The General Motors Ignition Compensation Fund has so far approved claims involving 104 death cases linked to the automaker’s recall of 2.6 million older cars equipped with a defective ignition switch.
The recall, started last year in February, proved to be the turning point for a year of record recalls for the automaker, many also linked to the ignition switch, after the US regulators and general public found out the fatal switches were known to the company for at least a decade. The ensuing scandal, regulatory scrutiny and lawsuits prompted the largest US automaker and the third biggest in the world to establish a victims’ compensation fund, led by outside attorney Ken Feinberg, which had prior experience in directing such cases. As of last week, 104 cases of fatalities have been approved and are eligible for compensation of one million dollars or more – depending on whether the victim had dependants. The fund still ahs 495 claim cases to review, with 26 of them involving deaths.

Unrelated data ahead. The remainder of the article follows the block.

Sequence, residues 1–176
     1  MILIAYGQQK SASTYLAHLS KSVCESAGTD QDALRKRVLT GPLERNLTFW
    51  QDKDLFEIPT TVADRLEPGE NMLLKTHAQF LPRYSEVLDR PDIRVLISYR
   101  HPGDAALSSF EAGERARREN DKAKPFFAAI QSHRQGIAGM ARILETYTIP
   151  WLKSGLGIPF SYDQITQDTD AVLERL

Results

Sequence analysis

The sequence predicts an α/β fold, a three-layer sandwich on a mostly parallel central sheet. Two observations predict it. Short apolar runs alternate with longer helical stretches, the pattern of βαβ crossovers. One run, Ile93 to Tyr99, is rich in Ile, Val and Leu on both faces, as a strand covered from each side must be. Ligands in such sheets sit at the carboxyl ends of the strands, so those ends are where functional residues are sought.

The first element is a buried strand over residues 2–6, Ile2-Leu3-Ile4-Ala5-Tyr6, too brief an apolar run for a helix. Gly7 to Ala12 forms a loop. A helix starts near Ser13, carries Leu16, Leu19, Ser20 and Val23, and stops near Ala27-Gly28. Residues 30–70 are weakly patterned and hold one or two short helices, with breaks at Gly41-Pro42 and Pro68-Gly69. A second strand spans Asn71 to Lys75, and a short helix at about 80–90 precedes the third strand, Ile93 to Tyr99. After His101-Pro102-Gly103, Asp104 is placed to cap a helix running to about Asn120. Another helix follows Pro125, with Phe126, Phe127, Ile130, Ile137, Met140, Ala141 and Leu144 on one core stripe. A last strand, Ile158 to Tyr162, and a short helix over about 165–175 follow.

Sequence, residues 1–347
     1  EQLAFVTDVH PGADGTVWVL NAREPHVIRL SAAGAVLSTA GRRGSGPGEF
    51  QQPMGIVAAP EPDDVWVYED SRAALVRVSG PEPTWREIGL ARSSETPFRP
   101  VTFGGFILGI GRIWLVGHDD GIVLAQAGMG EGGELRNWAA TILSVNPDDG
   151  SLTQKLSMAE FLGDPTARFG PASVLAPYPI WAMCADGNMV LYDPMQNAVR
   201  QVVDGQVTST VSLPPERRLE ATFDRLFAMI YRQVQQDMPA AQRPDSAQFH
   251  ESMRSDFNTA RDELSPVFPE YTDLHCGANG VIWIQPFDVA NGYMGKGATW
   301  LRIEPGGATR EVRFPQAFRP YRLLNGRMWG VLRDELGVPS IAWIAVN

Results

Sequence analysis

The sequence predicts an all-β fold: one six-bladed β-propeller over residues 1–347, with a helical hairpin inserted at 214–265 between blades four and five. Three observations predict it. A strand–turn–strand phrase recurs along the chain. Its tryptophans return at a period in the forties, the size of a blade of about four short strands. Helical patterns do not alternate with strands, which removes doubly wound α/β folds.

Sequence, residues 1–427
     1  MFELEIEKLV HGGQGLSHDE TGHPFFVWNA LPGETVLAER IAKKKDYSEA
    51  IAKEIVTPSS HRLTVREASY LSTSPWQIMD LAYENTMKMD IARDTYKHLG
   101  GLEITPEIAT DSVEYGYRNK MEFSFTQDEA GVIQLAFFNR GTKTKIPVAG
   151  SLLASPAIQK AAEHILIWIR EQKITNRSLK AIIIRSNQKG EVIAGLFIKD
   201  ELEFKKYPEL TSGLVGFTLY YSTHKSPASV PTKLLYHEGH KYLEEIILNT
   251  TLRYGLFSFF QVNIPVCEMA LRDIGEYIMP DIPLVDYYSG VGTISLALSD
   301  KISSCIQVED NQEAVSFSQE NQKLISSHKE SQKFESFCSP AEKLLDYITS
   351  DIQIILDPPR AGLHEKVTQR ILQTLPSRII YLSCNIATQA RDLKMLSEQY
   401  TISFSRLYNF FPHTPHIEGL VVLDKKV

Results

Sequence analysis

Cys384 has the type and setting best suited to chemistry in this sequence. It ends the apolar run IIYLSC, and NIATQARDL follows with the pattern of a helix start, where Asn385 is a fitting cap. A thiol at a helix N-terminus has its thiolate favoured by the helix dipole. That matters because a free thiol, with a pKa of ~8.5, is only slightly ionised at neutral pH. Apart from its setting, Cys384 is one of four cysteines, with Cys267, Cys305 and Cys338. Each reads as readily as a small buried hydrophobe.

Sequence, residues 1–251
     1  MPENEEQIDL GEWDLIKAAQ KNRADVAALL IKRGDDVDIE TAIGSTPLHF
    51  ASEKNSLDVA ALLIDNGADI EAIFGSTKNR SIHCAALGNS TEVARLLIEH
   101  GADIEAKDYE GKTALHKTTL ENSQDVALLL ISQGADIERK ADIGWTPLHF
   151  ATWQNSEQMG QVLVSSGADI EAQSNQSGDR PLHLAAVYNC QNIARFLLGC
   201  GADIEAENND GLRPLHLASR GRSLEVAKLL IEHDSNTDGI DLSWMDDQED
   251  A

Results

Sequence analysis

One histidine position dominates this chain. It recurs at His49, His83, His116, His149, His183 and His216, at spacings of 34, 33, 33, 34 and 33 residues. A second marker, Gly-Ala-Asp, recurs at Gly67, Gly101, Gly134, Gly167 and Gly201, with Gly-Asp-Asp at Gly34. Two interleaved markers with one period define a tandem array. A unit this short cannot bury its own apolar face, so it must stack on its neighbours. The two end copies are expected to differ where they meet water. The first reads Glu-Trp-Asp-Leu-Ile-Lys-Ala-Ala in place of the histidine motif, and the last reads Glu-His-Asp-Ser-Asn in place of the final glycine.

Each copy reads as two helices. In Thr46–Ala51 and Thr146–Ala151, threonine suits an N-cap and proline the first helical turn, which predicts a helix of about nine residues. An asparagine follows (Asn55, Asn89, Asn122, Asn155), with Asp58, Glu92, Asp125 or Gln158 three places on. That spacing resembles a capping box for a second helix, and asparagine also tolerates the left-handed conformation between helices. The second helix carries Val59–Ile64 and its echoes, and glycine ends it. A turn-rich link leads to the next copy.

So far the program has also acknowledged 12 people had suffered catastrophic injuries, including the loss of a limb, permanent brain damage or major burns. There are also 179 approved settlements for people with less severe injuries that still needed hospitalization and treatment.GM has said the fund has unlimited funds at its disposal, but it forecasted it would ultimately cost around $550 million. The involved cars have switches that can turn off the engine while driving, with critical loss of power for the vehicle’s key safety systems, including the airbags.